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November/December 2003

Musky Fishing in the Lower Allegheny River

by Jeff Knapp


Musky Fishing in the Lower Allegheny River by Jeff KnappFew waterways offer the variety and length of season as does the navigable portion of the Allegheny River. During years of a relatively mild winter, angling is available 12 months of the year.

Thanks to the Pennsylvania Fish & Boat Commission's consistent stocking effort of both purebred and tiger muskies, the lower Allegheny River supports an excellent fishery, and not one of skinny, undersized "river muskies," either.

Consider the mega-musky caught and released by Howard Wagner. Wagner, who hails from the Fombell area in Beaver County, chases muskies year-round. He is a big-fish specialist, having taken several 40-pound-plus fish in both Pennsylvania and Canada. During the winter of 2002, Wagner caught one of the biggest muskies ever landed in the Keystone State, a fish from the lower Allegheny.

When fall gives way to winter and cold water pushes river fish into predictable locations, Howard begins hitting the mouths of creeks that feed rivers with good musky populations, ones like the Allegheny. He first made contact with the monster fish in a spot like this one.

According to Wagner, he and a fishing partner had spent the best part of a mild winter afternoon hitting several feeder waters along the river. The sun was starting to set and Howard was beginning to feel the initial effects of what would turn out to be a case of the flu. He walked up the feeder stream to ward off the cold, and then began working his minnow-shaped crankbait in a twitching fashion. The spot held a sandbar with a scour hole downstream, a choice place for a foraging musky to wait in ambush. The big fish first showed itself there by following the lure, but not committing to it.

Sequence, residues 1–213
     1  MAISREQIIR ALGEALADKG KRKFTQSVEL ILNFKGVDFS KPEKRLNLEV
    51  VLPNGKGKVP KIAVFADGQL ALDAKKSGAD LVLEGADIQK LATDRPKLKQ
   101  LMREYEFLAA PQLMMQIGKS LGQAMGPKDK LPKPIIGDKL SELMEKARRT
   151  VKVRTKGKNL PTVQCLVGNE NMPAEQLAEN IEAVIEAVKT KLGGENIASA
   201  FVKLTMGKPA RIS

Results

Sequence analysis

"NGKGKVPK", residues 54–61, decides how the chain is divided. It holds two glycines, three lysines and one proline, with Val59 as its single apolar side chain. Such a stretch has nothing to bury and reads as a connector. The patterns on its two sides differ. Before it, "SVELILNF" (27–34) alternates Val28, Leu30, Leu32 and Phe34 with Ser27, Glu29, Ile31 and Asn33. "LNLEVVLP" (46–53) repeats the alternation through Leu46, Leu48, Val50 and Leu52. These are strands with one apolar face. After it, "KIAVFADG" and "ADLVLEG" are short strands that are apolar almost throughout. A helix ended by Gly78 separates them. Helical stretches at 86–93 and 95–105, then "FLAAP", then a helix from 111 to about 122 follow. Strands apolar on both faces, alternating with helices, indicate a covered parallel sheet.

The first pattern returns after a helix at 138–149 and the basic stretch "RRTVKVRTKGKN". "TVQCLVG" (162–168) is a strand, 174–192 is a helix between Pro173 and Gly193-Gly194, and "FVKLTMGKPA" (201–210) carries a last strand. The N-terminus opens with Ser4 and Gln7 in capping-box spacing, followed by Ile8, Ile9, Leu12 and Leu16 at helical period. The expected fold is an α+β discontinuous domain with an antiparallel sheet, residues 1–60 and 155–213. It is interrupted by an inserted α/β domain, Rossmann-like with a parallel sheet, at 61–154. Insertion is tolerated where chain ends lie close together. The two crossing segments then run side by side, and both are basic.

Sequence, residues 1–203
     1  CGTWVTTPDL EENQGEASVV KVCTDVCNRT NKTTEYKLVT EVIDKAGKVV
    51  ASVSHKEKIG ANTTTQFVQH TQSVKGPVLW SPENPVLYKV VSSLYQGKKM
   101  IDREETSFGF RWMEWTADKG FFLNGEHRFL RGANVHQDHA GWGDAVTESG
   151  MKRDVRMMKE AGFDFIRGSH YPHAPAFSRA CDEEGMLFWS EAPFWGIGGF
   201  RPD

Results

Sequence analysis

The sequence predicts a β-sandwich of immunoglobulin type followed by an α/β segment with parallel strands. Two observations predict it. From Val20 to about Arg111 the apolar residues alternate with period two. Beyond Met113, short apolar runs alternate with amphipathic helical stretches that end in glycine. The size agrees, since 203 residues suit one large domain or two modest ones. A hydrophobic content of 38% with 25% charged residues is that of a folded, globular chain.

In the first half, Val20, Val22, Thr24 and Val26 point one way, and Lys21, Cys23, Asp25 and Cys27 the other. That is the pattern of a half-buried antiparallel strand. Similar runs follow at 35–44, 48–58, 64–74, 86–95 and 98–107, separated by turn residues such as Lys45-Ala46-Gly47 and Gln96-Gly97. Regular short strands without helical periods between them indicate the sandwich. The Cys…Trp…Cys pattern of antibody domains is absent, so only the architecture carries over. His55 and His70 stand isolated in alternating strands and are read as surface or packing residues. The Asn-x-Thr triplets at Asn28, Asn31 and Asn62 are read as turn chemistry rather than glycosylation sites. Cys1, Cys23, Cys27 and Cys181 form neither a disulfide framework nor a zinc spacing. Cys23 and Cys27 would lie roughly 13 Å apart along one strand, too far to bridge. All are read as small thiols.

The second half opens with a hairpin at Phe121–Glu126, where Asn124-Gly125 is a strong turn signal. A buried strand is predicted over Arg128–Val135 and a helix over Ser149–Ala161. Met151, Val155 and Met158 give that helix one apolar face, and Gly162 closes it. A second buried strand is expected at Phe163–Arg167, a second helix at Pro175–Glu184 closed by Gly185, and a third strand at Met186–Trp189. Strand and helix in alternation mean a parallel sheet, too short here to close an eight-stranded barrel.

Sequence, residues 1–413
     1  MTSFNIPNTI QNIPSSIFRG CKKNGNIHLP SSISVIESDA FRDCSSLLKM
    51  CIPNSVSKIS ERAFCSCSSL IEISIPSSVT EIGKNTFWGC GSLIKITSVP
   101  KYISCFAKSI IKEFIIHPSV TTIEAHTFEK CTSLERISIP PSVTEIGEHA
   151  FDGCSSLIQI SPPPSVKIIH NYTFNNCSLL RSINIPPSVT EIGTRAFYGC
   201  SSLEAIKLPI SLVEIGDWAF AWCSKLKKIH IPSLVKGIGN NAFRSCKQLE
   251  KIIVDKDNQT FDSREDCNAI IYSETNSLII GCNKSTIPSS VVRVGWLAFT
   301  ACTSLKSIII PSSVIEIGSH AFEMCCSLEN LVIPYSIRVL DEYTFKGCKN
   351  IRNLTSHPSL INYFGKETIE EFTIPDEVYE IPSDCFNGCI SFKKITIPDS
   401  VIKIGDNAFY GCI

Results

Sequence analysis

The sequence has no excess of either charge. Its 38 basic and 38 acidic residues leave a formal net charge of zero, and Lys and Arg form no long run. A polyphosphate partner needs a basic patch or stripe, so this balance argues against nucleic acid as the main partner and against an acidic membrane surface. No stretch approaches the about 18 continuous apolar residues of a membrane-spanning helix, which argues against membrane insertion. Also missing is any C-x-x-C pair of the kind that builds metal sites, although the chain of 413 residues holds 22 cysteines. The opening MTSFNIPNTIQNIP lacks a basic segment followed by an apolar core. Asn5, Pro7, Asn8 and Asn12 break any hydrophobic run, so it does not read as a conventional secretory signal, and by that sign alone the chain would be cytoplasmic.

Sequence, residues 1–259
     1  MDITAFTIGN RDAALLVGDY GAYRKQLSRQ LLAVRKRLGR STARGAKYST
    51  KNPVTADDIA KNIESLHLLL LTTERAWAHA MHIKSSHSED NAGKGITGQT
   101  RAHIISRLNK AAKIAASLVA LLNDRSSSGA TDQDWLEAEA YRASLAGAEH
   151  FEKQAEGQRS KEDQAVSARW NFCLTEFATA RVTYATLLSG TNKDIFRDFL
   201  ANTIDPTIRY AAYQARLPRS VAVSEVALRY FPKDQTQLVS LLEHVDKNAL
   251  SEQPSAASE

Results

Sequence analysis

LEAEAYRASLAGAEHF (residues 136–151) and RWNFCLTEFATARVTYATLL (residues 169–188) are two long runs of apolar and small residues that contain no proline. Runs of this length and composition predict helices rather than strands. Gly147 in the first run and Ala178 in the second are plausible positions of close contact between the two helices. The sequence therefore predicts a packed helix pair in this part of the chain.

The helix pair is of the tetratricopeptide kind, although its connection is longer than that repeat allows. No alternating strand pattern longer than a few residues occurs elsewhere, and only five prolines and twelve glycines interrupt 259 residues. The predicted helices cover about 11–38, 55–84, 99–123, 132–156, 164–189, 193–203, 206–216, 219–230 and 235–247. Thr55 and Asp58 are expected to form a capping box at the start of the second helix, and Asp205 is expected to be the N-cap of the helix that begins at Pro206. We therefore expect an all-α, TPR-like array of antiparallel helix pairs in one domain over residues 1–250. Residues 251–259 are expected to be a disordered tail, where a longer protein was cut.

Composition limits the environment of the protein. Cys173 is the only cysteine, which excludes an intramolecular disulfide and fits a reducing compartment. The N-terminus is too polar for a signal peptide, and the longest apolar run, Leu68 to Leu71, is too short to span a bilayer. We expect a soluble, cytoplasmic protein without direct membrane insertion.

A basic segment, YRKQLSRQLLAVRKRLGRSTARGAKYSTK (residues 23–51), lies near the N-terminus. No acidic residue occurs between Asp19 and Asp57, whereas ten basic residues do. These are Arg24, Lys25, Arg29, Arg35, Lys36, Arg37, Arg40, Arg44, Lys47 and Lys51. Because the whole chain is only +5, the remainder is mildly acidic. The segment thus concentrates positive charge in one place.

Howard remained at home during the next couple of days as the weather turned sour and he tried to fight off the illness. Then a warming trend moved in, and Howard figured if he didn't try for the fish then, despite still feeling sick, he might not get another chance. River fishing is sensitive to weather and flow conditions, and changes could move the big fish from its current lair.

Wagner was by himself when he returned to try for the big musky. The physical nature of the spot required Howard to wade into the stream to fish. A submerged rock was his casting platform. He cast a while until the cold water chased him to shore to warm up, and then he was back at it again.

At one point, the fish appeared and followed the lure the whole way back to the wading angler. Howard said it was quite exciting to have a musky of such size swimming a mere few feet from him.

As the day grew long and his flu-induced fever began to wear him down, the big fish finally engulfed the minnow bait. Despite the cold water, the big musky put on a strong fight. Not having a net man didn't make the landing job any easier, but after about a half-hour, Howard led the big fish into the shallows, where he was able to weigh and measure it quickly, as well as photograph himself with it, thanks to the self-timer on his camera. Then he released the big musky.

Wagner's river musky stretched the tape to 52.5 inches, with a girth of 28 inches. On his scale it weighed 52 pounds. Impressive as these numbers are, they tell only part of the story. Later that week, he checked his scale by testing it on a 50-pound weight. On the initial try it registered about 47 pounds. He shook it a bit, and then it measured 50 pounds. It's possible Howard's musky may actually have weighed 55 pounds or more, which would have surpassed the longstanding state record of 54 pounds, 13 ounces, taken in 1924 from Conneaut Lake by Lewis Walker, Jr.

Even if he had known it was a state record fish, Wagner says he still would have released it. He has a strong catch-and-release ethic concerning muskies, and he always tries to set a good example. Record or not, big muskies make for great stories, and this is one of the best.

The navigable portion of the Allegheny, which runs from East Brady down to Pittsburgh, provides an opportunity to fish for muskies throughout much of the year. Here's a look at a proven wintertime game plan.

Howard Wagner with 52 pound musky Wagner hefts the 52.5-inch, 52-pound musky he caught last winter in the lower Allegheny River. The fish's girth was 28 inches. Wagner carries a small selection of hard baits and soft baits. Hard baits include minnow baits in the 6-inch to 8-inch range that can be fished in a twitching manner. His retrieve is one of a stop-and-go manner, where the lure is cranked in a few feet, which pulls it under the surface. He then stops the retrieve, usually long enough for the lure to rise to or near enough the surface. He repeats this crank-pause motion throughout the retrieve. Strikes often occur when the bait is stationary.